Malaria vaccine? Genetic engineering turns parasite into vaccine candidate


Malaria is one of the Great Diseases. This mosquito-borne illness killed some 627,000 people in 2012, most of them children in sub-Saharan Africa. Efforts in the last decade have cut mortality rates for the disease by an impressive 45 percent, but malaria continues to be a massive public health burden wherever it persists.

A team of scientists at Seattle BioMed is making progress on developing a genetically engineered version of the malaria parasite Plasmodium falciparum that could act as a vaccine.

The logic behind this approach is rooted in the origins of vaccines, which trace to 1,000 C.E., when the Chinese used scabs and pus from smallpox sufferers to infect healthy people. It may sound insane, but these artificially induced infections were often less severe than those that occurred naturally, and—this is key—once these people had survived their induced infection, they were immune.

Our immune system remembers. Indeed its entire function is based on its ability to recognize pathogens. It has a strong intrinsic ability to recognize intruders and attack them, but the multitude of potential invaders—bacteria, viruses, parasites—have ways to circumvent our defenses. Intruders get in, get established and we get sick while the immune system mounts a proper defense.

Thankfully, the immune system operates on a strict “fool me once” policy, and this is what the Seattle BioMed team is counting on. If you catch this year’s most common flu strain, your immune system will be primed to push back if that particular strain tries try to re-infect you later.

In theory, the same is true of malaria. Malaria is a single-celled parasite, not a bacterium or a virus, but the immune system fights it the same way it fights everything else. If we could train the immune system to recognize malaria and take it out before it gets established in the body, we could confer immunity. We could have a vaccine for malaria.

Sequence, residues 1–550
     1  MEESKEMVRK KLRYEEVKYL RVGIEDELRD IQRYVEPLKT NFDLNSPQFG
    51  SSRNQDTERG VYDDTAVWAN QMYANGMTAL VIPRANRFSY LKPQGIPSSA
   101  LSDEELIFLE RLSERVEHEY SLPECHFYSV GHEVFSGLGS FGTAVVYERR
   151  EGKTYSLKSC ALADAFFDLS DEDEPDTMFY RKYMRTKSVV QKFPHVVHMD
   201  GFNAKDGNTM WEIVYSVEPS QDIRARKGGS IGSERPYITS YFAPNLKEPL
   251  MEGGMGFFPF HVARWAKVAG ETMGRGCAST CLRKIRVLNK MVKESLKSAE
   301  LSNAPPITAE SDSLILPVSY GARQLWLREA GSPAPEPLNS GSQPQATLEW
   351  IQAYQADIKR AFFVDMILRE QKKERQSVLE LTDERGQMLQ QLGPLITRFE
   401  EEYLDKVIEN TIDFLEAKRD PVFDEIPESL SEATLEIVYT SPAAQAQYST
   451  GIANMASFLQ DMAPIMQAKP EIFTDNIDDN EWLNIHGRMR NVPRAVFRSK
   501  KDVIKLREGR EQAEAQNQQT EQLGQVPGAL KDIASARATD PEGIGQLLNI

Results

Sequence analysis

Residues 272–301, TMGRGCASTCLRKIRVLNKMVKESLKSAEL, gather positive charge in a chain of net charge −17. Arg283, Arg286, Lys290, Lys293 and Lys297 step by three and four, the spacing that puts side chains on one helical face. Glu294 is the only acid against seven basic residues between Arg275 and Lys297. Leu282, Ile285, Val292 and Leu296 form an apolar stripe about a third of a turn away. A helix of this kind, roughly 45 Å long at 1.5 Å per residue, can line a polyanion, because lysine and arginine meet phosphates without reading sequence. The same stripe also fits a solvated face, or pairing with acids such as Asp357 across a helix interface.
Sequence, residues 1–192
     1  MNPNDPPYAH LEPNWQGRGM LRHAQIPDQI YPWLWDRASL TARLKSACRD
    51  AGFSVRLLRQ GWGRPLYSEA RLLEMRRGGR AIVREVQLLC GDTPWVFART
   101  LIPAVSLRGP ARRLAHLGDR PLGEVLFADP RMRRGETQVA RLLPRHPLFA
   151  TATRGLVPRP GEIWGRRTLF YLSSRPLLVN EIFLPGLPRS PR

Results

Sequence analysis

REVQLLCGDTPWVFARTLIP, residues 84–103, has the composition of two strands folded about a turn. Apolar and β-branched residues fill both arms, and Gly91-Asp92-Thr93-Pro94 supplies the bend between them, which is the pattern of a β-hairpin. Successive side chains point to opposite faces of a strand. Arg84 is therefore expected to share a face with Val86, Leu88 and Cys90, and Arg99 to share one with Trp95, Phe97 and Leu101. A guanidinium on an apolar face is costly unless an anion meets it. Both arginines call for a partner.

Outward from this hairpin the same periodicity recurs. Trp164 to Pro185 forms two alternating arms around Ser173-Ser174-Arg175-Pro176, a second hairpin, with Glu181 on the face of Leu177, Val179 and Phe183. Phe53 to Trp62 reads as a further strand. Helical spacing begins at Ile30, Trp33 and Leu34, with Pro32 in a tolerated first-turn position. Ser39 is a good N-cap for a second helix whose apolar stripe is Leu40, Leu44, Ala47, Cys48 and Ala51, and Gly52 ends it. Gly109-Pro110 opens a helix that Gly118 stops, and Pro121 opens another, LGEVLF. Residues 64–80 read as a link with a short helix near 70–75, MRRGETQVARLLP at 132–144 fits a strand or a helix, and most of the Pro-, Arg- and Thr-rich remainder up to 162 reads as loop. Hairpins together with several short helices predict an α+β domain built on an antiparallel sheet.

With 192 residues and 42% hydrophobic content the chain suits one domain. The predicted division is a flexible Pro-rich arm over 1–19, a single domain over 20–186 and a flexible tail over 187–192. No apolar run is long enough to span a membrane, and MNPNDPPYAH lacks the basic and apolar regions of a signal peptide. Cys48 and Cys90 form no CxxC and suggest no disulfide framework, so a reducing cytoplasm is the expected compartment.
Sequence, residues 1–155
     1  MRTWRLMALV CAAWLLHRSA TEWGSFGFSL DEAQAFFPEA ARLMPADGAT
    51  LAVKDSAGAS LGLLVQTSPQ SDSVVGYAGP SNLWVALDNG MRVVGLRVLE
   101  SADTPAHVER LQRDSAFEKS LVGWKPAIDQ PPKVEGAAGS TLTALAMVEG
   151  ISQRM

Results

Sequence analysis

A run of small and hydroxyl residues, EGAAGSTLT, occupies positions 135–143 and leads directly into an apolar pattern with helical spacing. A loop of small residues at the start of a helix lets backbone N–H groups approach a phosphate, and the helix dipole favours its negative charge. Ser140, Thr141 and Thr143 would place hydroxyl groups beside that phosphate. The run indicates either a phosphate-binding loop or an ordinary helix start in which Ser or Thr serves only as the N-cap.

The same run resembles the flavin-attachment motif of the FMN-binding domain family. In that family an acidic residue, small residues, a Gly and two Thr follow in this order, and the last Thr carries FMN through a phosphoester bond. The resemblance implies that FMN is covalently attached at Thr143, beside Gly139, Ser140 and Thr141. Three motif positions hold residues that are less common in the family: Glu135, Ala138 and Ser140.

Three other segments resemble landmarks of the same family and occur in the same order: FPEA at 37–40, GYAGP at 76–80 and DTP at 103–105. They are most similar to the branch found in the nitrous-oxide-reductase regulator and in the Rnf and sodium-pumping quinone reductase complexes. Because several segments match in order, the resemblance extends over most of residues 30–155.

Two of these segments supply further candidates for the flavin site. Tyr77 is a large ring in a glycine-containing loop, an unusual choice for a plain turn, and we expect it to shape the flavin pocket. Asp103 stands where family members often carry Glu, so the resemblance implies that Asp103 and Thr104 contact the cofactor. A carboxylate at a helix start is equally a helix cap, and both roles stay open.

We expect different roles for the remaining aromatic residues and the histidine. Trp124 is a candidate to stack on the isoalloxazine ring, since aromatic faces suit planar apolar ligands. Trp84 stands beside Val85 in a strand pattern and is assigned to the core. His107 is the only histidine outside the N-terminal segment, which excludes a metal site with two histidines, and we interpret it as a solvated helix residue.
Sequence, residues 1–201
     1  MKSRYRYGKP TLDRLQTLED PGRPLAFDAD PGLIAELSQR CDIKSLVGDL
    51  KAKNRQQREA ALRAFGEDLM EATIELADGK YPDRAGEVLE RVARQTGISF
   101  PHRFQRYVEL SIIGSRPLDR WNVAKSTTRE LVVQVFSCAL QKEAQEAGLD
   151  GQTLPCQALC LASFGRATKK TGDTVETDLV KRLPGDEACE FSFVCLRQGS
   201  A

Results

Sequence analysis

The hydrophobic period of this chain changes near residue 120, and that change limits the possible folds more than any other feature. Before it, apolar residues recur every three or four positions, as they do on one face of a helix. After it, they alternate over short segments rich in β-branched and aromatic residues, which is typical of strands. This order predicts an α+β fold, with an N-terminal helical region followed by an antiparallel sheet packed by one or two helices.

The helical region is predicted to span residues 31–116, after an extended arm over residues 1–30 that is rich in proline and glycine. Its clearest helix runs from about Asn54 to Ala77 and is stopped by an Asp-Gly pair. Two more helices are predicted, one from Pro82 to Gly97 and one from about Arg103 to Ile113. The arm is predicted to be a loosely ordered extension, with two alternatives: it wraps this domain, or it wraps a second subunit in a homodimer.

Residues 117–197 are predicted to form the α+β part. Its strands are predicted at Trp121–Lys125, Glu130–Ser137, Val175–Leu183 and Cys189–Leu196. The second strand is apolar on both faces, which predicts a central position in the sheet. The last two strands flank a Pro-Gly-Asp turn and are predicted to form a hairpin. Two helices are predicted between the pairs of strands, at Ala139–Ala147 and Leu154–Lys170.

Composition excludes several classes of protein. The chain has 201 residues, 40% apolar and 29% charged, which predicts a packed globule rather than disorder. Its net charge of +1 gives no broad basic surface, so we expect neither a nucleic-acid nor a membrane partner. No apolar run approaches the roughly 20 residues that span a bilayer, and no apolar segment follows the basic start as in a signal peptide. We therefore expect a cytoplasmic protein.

Unfortunately, two things have made efforts to develop a malaria vaccine largely fruitless so far. First, the parasite itself comes in a variety of flavors—there are several species of parasite in the Plasmodium genus that cause the disease, and exposure to one does not necessarily confer resistance to another (though it can confer at least partial resistance.). Plasmodium falciparum is the most deadly species, and the focus of the BioMed team’s efforts.

Second, this is an extremely cunning and stubborn parasite. Medicines that effectively kill the parasite are few (you can count them on one hand) and many of them come with nasty side-effects. The parasite develops resistance quickly, further limiting the selection of anti-malarial drugs usable in any given location.

Even in a best-case scenario with good treatment and effective drugs, malaria infections may persist. Plasmodium can hide in the red blood cells of its host, safe from the immune system and medications, only to stage a resurgence weeks, months, even years after initial infection. Patients end up the real losers in a cyclical war between their immune systems and the parasite.